- Almost 90 countries including some form of carbon pricing or other fiscal policies in their Intended Nationally Determined Contributions (INDCs);
- Only around 12 per cent of annual global GHG emissions are formally priced;
- Fiscal policies such as carbon pricing and fossil fuel subsidy reform can provide a cost-effective approach to addressing climate change;
- Panellists agreed that carbon pricing does not have to mean higher taxes, but rather smarter, more efficient taxes.
It’s the most important pillar for biodiversity conservation in Europe. Alessandro prepared a dissemination paper published on Italian magazine. Innatura
- They are based on projects and when the project ends, very often the programme or the activities die with it;
- They are too dependent on “donor” funding and when the “donor” is not interested anymore, the programme ends, and
- Environment and development continue to be seen as two different issues.
In brief, conservation projects in Africa are generally not self-sustainable, from a financial point of view. Then, financial resources are used and dispersed during the project life cycle, without creating any flywheel to permit, in the long term, to generate revenues.
BIOFIN is managed by the UNDP and 4 African countries participate in this initiative. Moreover, UNDP promotes additional conservation projects to improve the sustainable financing of protected areas systems.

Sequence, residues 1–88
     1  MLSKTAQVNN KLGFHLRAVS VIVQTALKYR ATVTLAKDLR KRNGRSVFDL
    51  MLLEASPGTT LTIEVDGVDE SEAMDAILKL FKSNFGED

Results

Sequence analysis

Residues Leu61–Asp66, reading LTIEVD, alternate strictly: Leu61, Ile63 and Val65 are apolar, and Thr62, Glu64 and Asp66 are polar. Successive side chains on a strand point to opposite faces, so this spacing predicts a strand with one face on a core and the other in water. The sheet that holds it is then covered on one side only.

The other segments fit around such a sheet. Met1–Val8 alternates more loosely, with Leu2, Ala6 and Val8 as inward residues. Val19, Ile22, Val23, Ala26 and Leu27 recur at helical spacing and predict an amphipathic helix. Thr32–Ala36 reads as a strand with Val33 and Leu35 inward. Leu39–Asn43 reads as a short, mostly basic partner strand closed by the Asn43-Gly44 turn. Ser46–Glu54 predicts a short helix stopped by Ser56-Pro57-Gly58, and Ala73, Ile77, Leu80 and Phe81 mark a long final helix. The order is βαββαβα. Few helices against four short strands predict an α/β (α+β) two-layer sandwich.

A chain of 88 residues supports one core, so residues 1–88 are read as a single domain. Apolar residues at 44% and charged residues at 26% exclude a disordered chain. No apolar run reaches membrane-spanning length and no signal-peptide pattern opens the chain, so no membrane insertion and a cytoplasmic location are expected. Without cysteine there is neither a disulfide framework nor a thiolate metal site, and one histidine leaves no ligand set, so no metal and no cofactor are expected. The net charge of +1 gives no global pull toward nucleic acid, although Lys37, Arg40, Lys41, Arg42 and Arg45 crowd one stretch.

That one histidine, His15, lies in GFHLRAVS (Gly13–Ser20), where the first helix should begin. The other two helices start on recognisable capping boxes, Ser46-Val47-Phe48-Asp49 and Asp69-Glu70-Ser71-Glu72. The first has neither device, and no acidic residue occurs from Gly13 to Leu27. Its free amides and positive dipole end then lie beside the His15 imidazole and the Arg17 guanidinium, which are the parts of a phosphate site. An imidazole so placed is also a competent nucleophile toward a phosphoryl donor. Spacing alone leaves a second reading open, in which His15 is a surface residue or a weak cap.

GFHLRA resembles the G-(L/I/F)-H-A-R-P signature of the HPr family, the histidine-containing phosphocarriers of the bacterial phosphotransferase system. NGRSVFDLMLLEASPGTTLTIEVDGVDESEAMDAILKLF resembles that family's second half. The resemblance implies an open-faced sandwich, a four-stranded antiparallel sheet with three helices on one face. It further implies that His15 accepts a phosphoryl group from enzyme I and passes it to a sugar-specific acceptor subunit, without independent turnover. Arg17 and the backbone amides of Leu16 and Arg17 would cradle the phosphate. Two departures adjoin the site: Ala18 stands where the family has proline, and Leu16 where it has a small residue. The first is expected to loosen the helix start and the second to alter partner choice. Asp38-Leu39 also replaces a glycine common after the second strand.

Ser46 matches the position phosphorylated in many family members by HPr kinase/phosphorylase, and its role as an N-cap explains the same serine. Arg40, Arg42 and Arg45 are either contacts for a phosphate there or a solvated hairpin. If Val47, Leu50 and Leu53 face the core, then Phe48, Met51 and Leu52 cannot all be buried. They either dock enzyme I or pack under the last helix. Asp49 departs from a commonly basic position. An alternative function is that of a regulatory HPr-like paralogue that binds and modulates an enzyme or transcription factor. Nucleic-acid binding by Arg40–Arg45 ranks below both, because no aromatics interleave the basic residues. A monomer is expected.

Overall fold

Africa is currently facing a dramatic surge in wildlife trafficking: for example, the illicit ivory trade has more than doubled since 2007, and is over three times greater than it was in 1998. Between 2007 and 2013, rhino poaching increased by 7000% in South Africa, endangering the survival of this specie.
EC recently adopted some actions to fight wildlife crime inside and outside the EU, to combat a phenomena that has become one of the most profitable criminal activities worldwide, with devastating effects for biodiversity and negative impact on the rule of law due to its close links with corruption and financing of terrorism groups. Under the EU general approach, on 26 February 2016, the European Commission adopted a Communication on the EU Action Plan against Wildlife Trafficking.
The Communication proposed 3 priorities: Preventing wildlife trafficking and addressing its root causes, Implementing and enforcing existing rules and combating organised wildlife crime more effectively, Monitoring and evaluation.
Last week the EU and its Member States tabled an ambitious set of proposals ahead of the next meeting of the CITES Convention, which will take place from 24 September to 5 October 2016 in Johannesburg. At this page, a list of proposals submitted by the EU and its Member States for consideration at CoP 17.